“Like our neighboring mutual aid partners, AFD was very busy on Jan. 3 during the heavy snow,” AFD Senior Public Information Officer Raytevia Evans told ALXnow. “With our Logistics Section running the snow plow and our maintenance shop available to work through any mechanical issues that came up, we were able to work through delays due to the weather.”

Evans continued, “There were no particularly unusual calls related to weather, but the department remained busy throughout the day.”

Photo via John Antonielli

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Morning Notes

Alexandria residents along Telegraph Road demand action from state — “Residents who travel along a busy roadway in Northern Virginia are demanding answers from the state’s department of transportation.” [Fox5]

COVID-19 booster shots readily available in Alexandria and Fairfax County — “Thanks to all the work done setting up the infrastructure to provide initial vaccines to residents, it’s pretty easy to get a booster shot in both Alexandria and Fairfax County, as long as you qualify.” [Alexandria Living Magazine]

New rain and stream gauges active in Alexandria — “The City has new rain and stream gauges to give residents early warning for dangerous conditions. Check levels near your neighborhood at http://alxfloodwatch.onerain.com.” [Department of Transportation & Environmental Services]

800 People Participate in Annual Breast Cancer Awareness Walk in Alexandria — “Those walkers raised more than $135,000 through donations and sponsorship. But News4’s Derrick Ward reports that participants were raising much more than money.” [NBC Washington]

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Morning Notes

Local teen with cancer knits blankets to raise awareness — “West Potomac High School senior Jessica Foss should have been thinking about prom, graduation and heading off to college in the fall. Instead, in May 2020, in addition to missing out on typical senior year activities because of the global COVID-19 pandemic, Foss received a diagnosis that would turn her world even more upside down – cancer.” [Alexandria Living]

Deadline nearing to register to vote in November election — “Oct. 12 is the deadline to register to vote in the Nov. 2 General Election. Any eligible US citizen who will be 18 by 11/2/21 can register to vote. Questions about your registration status? Call us at 703.746.4050. vote.elections.virginia.gov”  [Twitter]

First City Council candidate forum is Wednesday — “The Seminary Road Civic Association will hold two question and answer forums for the nine candidates running for City Council and the two candidates running for mayor. The first of these forums takes place on Oct. 6 from 7 to 9 p.m. and will include all candidates for City Council. The second SRCA forum will be held on Oct. 19 from 7:30 to 8:30 p.m. and will be between incumbent Mayor Justin Wilson and challenger Annetta Catchings. Both forums will be held on Zoom.” [Alex Times]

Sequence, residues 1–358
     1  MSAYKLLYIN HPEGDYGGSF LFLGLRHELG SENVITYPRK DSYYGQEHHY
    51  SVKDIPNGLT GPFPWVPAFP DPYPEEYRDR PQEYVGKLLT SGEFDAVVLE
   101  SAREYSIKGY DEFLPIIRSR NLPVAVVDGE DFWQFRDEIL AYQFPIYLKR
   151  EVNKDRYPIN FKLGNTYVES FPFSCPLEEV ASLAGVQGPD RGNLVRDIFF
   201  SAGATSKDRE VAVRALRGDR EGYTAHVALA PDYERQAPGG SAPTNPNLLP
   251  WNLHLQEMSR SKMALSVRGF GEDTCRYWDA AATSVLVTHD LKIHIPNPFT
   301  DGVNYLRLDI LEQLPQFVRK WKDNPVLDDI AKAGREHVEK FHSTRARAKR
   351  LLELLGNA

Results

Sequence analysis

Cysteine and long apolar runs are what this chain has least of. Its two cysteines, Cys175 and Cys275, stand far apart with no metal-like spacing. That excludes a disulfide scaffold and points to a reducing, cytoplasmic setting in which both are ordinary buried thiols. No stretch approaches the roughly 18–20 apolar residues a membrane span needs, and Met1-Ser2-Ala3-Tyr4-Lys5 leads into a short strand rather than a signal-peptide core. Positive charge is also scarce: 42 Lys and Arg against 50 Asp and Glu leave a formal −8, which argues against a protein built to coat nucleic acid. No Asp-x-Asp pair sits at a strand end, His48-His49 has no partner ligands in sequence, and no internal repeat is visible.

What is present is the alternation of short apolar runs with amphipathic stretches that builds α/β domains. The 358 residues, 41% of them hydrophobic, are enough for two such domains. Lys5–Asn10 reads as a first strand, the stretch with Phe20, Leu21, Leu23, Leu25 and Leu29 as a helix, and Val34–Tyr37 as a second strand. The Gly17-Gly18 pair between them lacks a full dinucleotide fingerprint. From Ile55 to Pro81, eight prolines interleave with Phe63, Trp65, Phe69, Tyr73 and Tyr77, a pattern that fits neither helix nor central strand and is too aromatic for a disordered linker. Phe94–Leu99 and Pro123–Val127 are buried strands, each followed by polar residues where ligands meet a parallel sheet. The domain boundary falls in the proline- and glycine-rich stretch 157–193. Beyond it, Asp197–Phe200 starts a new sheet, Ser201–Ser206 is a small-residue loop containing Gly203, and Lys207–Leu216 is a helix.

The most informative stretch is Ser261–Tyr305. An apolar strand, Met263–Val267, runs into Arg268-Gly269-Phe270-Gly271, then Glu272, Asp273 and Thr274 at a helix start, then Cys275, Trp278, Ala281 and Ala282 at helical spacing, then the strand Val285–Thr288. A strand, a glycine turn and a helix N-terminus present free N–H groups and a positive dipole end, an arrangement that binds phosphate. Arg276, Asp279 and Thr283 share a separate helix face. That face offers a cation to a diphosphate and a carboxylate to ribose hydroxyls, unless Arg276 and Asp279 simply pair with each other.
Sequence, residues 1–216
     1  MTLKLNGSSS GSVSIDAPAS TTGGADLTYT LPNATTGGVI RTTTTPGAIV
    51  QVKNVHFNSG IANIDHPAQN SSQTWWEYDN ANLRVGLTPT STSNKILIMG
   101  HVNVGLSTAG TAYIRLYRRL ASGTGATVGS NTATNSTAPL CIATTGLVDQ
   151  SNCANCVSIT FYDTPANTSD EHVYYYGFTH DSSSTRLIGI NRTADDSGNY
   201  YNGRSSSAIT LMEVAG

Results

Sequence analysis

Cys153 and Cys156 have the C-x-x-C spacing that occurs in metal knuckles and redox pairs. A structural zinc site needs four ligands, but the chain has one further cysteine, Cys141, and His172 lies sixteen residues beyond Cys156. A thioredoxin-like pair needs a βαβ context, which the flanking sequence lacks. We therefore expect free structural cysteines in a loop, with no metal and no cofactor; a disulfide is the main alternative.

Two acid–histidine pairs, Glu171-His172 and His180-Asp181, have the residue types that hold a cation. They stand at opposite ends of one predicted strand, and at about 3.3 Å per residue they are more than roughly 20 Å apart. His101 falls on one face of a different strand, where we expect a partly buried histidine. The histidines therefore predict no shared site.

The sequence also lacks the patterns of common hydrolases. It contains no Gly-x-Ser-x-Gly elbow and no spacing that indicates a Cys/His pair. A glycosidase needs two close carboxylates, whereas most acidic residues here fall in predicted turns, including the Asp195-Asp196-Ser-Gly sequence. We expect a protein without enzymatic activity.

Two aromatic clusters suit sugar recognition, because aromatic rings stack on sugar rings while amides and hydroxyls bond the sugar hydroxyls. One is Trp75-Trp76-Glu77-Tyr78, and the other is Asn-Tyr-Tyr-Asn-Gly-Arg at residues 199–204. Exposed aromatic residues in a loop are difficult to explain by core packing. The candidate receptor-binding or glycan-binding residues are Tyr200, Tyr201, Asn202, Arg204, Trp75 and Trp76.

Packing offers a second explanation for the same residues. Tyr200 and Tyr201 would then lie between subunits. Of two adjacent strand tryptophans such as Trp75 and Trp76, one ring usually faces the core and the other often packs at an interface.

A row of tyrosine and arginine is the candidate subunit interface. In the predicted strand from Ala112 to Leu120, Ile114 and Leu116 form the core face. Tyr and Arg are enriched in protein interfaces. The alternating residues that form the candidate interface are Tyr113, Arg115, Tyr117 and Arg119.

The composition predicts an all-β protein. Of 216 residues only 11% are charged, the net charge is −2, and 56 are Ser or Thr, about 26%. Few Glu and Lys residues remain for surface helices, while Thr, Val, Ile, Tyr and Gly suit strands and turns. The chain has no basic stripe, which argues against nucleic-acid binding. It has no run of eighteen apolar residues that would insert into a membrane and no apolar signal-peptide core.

7 can’t miss Instagram spots in Alexandria — “Autumn in Alexandria, VA means show-stopping trees sweeping historic streetscapes with autumn hues, photo-ready rowhouses decked out with seasonal décor and gas lamps flickering above red brick sidewalks. Find timely artwork, sip a rainbow cider flight and more this fall–camera in hand. Pack a mask, put portrait mode on and get inspired with our ideas below” [Visit Alexandria]

Today’s weather — “Considerable cloudiness (during the day). Occasional rain showers in the afternoon. High near 80F. Winds light and variable. Chance of rain 50%… Variable clouds with showers and scattered thunderstorms (in the evening). Storms more numerous during the evening. Low 67F. Winds light and variable. Chance of rain 50%.” [Weather.com]

New job: Professional pet sitter — “Alexandria Pet Care seeks a career pet expert to work with animals in their homes, dog walking and pet sitting. We are the most trusted and most experienced team in town, and we’d love to add you to our team of experts!” [Indeed]

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Morning Notes

Alexandria seeks input on phase II revision of noise ordinance — “On May 15, the Alexandria City Council adopted phase I technical revisions of the City’s noise ordinance. The City is now seeking public input on a phase II revision that would address policy issues associated with land use, noise levels and changes with noise sources. The objective is to finalize this revision for Council consideration by the end of 2021.” [City of Alexandria]